Source: Saks & Haccoun, Managing Performance Training and development, 2016
|Activity: Research and discuss|
|Research: Outline a range of international e-learning compliance regimes for higher education international students in Australia. Access the following websites and research any other institutes that contribute to the formation of e-learning compliance regimes in Australia.
Tertiary Education Quality and Standards Agency (TEQSA) website using the link: https://www.teqsa.gov.au/latest-news/publications/information-sheet-elearning-and-compliance-threshold-standards
Connect thinking: https://connectthinking.com.au/elearning-and-wgac-2-0-compliance-in-australia/
The trainer/assessor will facilitate a group discussion about the outcomes of the research.
|Read the World Health Organisation’s policy and procedure:
Note ideas for developing a training policy including consulting key stakeholders.
Develop a stakeholder communication plan and attach your plan as an appendix to your project.
Take any notes to summarise what you have read and keep for future reference.
Analyse, align and plan learning strategy with organisation
Organisational learning and development strategies can be improved with continuous improvement practices. The training strategies must be evaluated from end to end to ensure that training design, development, delivery and implementation strategies are current and consistent with the organisation’s operational strategies. This also ensures that the training and development system in the organisation meets the quality management compliance requirements. Some ways to improve learning strategy formulation are discussed below.
An organisation must have a culture conducive to learning and development. Start with conducting a learning culture survey. The following questions can be asked to assess the commitment of management to organisational learning and then formulate the learning strategies based on survey feedback.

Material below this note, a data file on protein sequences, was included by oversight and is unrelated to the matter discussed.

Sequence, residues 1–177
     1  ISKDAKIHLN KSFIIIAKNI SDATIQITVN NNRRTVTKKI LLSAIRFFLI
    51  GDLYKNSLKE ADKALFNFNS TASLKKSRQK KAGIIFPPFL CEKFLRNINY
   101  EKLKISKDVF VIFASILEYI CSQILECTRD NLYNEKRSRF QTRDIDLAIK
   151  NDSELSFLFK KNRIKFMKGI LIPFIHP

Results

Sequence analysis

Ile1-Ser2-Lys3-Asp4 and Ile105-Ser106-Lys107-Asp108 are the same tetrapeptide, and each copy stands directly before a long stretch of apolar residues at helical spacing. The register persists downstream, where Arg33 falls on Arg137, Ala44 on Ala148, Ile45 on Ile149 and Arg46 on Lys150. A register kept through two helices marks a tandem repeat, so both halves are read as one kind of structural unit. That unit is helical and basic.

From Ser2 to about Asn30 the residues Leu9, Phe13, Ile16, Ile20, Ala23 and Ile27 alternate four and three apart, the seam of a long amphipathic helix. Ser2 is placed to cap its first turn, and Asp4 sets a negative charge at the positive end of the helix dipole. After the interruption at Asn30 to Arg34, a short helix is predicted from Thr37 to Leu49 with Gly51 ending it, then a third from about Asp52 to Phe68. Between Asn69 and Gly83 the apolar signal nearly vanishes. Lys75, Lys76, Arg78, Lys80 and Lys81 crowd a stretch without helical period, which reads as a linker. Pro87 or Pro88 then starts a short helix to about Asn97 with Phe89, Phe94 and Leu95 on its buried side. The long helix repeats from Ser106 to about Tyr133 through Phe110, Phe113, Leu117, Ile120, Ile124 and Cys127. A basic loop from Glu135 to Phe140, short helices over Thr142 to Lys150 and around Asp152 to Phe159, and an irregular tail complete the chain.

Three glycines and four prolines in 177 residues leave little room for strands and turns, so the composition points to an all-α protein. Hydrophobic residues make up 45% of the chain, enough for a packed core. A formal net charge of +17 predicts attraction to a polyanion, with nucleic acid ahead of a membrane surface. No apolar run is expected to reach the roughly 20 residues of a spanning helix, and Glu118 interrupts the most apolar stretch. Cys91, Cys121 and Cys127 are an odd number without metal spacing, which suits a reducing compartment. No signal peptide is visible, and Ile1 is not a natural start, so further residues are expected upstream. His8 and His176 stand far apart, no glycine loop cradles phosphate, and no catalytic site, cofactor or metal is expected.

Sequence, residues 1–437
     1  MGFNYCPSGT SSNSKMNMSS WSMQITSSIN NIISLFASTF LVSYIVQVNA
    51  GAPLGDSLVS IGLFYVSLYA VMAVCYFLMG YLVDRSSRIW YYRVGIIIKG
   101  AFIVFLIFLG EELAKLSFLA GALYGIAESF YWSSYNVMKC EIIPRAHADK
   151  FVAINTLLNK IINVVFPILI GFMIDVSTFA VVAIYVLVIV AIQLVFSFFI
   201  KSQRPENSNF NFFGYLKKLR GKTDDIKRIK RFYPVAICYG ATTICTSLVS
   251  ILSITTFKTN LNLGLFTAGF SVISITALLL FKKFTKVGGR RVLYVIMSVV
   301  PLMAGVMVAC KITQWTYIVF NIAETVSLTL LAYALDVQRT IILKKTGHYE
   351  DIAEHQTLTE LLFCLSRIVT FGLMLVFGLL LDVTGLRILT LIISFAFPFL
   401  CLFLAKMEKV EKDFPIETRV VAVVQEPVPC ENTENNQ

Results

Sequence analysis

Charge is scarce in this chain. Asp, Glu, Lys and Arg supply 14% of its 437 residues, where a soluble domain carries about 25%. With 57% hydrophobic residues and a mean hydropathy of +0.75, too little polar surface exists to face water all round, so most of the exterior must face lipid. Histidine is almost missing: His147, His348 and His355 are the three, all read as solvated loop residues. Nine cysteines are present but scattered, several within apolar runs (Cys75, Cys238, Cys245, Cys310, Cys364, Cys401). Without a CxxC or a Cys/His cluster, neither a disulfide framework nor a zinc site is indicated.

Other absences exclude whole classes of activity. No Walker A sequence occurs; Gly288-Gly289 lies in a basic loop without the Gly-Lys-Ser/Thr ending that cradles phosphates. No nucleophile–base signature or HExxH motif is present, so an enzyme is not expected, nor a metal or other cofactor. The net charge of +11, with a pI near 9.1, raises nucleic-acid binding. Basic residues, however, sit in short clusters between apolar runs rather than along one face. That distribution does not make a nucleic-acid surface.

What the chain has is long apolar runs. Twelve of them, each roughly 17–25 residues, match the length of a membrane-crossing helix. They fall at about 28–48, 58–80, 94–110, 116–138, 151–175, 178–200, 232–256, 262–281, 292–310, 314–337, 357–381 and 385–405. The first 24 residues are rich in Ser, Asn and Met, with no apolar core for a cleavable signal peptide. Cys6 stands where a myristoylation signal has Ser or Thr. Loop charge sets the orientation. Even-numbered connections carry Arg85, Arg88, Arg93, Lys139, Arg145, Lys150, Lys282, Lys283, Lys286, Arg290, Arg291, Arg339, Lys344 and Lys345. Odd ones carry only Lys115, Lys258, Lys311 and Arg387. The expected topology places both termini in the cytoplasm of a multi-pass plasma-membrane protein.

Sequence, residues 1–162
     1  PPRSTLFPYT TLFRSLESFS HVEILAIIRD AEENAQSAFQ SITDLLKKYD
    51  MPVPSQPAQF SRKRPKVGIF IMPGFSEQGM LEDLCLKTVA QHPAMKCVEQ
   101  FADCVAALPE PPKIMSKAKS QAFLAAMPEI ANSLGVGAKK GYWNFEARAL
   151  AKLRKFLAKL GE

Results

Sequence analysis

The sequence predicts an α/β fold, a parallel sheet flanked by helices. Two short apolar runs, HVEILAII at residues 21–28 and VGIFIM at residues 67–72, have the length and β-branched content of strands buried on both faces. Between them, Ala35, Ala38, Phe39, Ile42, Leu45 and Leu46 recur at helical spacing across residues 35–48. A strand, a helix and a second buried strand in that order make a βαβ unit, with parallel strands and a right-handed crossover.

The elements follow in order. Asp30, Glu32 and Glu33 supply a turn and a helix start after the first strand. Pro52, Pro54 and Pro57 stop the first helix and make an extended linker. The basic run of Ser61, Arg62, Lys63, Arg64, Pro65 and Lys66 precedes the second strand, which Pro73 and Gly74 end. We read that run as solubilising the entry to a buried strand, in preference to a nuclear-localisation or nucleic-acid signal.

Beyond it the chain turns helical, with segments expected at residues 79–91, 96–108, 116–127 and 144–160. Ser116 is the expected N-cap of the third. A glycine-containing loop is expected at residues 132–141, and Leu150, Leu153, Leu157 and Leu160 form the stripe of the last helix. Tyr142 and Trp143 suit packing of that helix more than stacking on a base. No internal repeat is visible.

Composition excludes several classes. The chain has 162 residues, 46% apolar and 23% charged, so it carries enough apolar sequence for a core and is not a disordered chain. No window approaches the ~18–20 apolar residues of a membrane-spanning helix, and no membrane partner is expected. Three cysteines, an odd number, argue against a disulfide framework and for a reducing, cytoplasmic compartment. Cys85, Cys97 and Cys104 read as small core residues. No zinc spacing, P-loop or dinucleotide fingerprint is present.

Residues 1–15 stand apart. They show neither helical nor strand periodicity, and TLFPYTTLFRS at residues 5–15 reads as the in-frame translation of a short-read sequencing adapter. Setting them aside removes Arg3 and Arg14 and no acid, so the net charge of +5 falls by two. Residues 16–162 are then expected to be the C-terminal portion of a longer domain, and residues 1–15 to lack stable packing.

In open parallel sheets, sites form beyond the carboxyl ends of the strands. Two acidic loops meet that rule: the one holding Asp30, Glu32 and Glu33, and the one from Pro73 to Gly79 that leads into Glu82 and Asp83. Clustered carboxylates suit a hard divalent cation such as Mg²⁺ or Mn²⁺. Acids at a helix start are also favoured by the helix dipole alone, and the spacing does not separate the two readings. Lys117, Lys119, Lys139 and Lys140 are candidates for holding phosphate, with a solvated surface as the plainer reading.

Is learning the highest priority in my company?
Do leaders and managers communicate that learning and development is critical to the organisation’s performance and success?
Do leaders and managers demonstrate support for learning and development by being role models?
Does the organisation have a stable platform to support learning (training and development policies, budget, technology, systems, processes, time)?
Are workers encouraged to undertake continuous professional and personal development?
Does my company base training and development on industry benchmarks and best practices?
|One of the core human resources function is to build an organisation and people capabilities.|
When managed effectively, human resource can use learning and development programs to promote employee engagement, growth and succession. Learning and development and effective human resource management also promote collaborative thinking: creativity and innovation encourage employees to take challenging tasks which increases their motivation to learn, develop and grow in roles.
Integrate organisational learning into strategic human resource planning and function:
Strategic alignment of human resource practices and policies to business strategy
Strategic alignment of an organisation’s training programs to an organisation’s business strategy
Aim for development of high-performance workforce systems
Use performance management as a tool for identifying and developing training strategies
Ensure learning and development policies are current
Analyse training needs at organisational, functional and individual levels and as a team
Check with human resources if there are any budget or resource limitations for training and development solutions.
Technology for greater flexibility and engagement
Integrate online aspects to training programs to give employees autonomy to complete elements remotely in their own time. This adds flexibility within a strategic learning and development program, saves the cost of travel expenses for off-job training and price for creating instructional training materials.
Online learning systems can track training performance very quickly. With cloud-based software programs, you can evaluate progress during the learning process, results and completion times. This will allow management to identify areas of weakness, provide targeted and constructive feedback and motivate and recognise efforts for individual staff members. Additionally, this becomes a good source of data to evaluate training programs and individual training outcomes giving organisations in-built flexibility to quickly develop reports for management decision making and report compliance to authoritative organisations when needed.